How brexit affects export and import conditions in the EU


Doing business in Europe has changed. The free trade agreement between Great Britain (GB) and the European Union (EU) means that the United Kingdom (UK) has left the EU’s Single Market and the Customs Union. We will point out main things to consider and what changes has Brexit had on export and import based on the Border Operating Model between the UK and the EU.

After the transition period, the UK Government has operationalised import controls on goods moving from the EU to GB, in a manner similar to the UK’s current treatment of Rest of World (RoW) goods. These controls are introduced in three stages: January, April, and July 2021. It is expected that the EU will also operationalise full import controls on goods moving from GB to the EU from 1 January 2021.

As a result, there are significant changes to the process for moving goods between GB and the EU. All businesses moving goods across the GB-EU border will need to take account of these and adapt accordingly. Incorporate is ready to help you! Please feel free to reach out to us if you would like to get more information about any of our services or monthly subscription packages.

What has changed with brexit in moving goods in Europe

Traders and hauliers must take these steps following the UK-EU Trade and Cooperation Agreement.

  1. Customs declarations

Importers and exporters have to complete UK and EU customs declarations after the end of the transition period. Some locations will require pre-lodgement of customs declarations prior to the movement of goods, which will particularly affect ‘roll on-roll off’ (RoRo) movements. For importers to the UK, submission of supplementary declarations was able to be delayed up to six months after import during the period January to July 2021, which has now passed.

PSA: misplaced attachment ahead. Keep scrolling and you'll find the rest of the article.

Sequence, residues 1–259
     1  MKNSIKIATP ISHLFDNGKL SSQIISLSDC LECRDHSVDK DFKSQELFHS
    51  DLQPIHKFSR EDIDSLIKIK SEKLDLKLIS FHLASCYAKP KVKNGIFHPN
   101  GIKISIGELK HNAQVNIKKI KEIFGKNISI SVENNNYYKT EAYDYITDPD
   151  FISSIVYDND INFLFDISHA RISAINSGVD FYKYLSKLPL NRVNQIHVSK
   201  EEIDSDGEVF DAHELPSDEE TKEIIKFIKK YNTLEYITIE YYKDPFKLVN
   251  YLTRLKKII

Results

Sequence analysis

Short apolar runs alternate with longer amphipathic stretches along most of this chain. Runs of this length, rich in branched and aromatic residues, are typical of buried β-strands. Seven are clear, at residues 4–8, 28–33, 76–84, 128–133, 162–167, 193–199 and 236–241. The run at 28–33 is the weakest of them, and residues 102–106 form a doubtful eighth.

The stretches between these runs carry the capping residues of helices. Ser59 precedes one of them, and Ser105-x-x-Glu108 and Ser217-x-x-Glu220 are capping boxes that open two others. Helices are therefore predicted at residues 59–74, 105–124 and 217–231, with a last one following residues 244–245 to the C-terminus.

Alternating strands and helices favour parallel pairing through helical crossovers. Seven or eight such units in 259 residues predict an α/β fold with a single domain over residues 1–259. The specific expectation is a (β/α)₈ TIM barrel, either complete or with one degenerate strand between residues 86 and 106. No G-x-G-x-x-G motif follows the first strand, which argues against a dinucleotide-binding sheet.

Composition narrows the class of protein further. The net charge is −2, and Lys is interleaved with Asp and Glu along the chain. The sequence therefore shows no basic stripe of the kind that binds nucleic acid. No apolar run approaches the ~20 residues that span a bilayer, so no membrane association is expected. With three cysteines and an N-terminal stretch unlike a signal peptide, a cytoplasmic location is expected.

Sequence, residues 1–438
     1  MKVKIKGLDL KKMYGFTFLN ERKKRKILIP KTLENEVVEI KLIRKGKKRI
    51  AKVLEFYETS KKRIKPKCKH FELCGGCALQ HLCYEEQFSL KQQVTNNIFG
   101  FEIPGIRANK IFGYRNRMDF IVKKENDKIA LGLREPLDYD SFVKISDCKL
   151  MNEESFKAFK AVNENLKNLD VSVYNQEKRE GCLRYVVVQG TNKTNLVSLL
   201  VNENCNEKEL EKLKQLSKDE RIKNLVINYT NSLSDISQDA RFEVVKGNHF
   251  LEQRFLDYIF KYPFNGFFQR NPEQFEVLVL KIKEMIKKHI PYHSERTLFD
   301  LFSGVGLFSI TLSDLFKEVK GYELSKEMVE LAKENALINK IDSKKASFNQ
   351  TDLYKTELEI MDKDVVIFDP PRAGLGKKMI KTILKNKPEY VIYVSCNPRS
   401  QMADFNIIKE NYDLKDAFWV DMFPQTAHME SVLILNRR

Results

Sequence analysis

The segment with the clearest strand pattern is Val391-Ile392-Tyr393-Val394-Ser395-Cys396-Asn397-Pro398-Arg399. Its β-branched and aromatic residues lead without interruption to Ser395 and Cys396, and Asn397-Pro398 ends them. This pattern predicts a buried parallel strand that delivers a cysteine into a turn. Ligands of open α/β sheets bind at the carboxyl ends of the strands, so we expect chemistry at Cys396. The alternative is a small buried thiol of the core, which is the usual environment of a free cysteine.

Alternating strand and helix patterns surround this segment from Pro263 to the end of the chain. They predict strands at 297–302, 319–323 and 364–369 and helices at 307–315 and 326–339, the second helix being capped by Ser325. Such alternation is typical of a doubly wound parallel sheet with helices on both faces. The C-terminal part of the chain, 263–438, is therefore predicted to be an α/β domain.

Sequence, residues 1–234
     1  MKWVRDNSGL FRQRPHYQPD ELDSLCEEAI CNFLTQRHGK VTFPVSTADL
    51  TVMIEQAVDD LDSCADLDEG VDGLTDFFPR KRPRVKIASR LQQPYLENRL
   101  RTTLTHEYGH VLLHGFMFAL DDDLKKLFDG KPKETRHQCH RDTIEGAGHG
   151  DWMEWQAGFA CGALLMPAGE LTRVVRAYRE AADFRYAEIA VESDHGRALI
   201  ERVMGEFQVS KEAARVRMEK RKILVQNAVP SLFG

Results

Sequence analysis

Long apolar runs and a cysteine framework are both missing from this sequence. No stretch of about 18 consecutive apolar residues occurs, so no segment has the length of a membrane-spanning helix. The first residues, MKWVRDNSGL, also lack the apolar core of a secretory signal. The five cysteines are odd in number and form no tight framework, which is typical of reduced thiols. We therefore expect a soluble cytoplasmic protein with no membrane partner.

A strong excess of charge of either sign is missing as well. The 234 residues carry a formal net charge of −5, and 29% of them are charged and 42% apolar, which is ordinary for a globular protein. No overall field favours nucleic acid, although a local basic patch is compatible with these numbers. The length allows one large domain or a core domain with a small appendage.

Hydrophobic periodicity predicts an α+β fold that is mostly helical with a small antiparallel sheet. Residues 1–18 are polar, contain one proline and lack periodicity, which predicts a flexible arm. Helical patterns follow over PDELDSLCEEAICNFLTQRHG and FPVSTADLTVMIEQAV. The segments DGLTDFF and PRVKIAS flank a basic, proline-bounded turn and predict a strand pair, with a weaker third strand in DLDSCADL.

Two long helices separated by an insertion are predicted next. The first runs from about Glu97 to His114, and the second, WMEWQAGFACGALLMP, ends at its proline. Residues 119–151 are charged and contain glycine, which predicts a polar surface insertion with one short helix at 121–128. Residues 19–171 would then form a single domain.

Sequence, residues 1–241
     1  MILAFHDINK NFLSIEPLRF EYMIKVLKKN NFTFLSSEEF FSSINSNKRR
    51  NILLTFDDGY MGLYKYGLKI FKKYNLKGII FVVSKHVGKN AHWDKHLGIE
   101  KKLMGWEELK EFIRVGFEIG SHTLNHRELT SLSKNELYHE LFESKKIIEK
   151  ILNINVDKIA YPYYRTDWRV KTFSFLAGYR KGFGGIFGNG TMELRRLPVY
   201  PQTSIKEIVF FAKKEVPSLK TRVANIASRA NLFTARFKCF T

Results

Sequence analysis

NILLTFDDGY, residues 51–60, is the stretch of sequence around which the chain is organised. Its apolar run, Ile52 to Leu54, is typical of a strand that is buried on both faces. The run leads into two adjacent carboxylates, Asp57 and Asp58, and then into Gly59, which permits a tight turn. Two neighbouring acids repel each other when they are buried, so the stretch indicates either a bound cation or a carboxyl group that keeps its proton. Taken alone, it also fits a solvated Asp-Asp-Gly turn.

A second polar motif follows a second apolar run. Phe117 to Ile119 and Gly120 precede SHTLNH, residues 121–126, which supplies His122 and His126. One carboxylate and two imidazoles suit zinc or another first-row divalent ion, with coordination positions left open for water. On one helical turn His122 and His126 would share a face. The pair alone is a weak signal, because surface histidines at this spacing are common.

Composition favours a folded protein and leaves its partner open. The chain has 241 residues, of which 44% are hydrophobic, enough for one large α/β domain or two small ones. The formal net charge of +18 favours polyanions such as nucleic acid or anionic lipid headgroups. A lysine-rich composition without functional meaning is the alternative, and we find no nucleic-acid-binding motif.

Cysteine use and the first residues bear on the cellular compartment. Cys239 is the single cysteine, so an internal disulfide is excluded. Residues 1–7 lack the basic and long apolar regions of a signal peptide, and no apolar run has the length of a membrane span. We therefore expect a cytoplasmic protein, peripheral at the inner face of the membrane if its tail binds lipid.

• Customs duties

Importers to the UK need to ensure that any customs duties applicable to their goods under the new UK Global Tariff are paid. In order to do this, importers must determine the origin, classification and customs value of their goods. There are options available to defer any payment that is due. As of 1 January 2021, for importers delaying their customs declarations the payment of duties can be delayed to the time when the supplementary declaration is submitted.

Within the European Union, there are no customs duties on goods that have been declared, fabricated, and put into circulation there. Customs duties (aka import duties) must be carried out by a natural person or a company when goods are imported from outside the EU. Three different types of customs duties are implemented:

  • ad valorem duty – calculated as a percentage of the customs value of goods and is the most common customs duty;
  • specific duty – depends on the weight of the good or and additional unit of measurement;
  • combinational duty – is a mix of both ad valorem duty and specific duty.

Companies regularly engaging in import, transit, export or other customs operations must apply for an Economic Operators Registration and Identification (EORI) number. Find additional information on the calculation of customs duties here.

  • VAT 

VAT levied on imports of goods from the EU and UK.

For UK businesses, VAT registered importers will be able to use postponed VAT accounting. They will not be compelled to do so unless they import noncontrolled goods and either delay their supplementary customs declarations; or use the Simplified Customs Declarations process, and make an Entry in Declarants Records.

Non-VAT registered importers have the same options available to report and pay import VAT as they do for customs duties. VAT treatment of goods imported in consignments not exceeding £135 in value will be treated differently to those goods in consignments exceeding £135. As of 1 January 2021, there are options to defer VAT payments using postponed VAT accounting.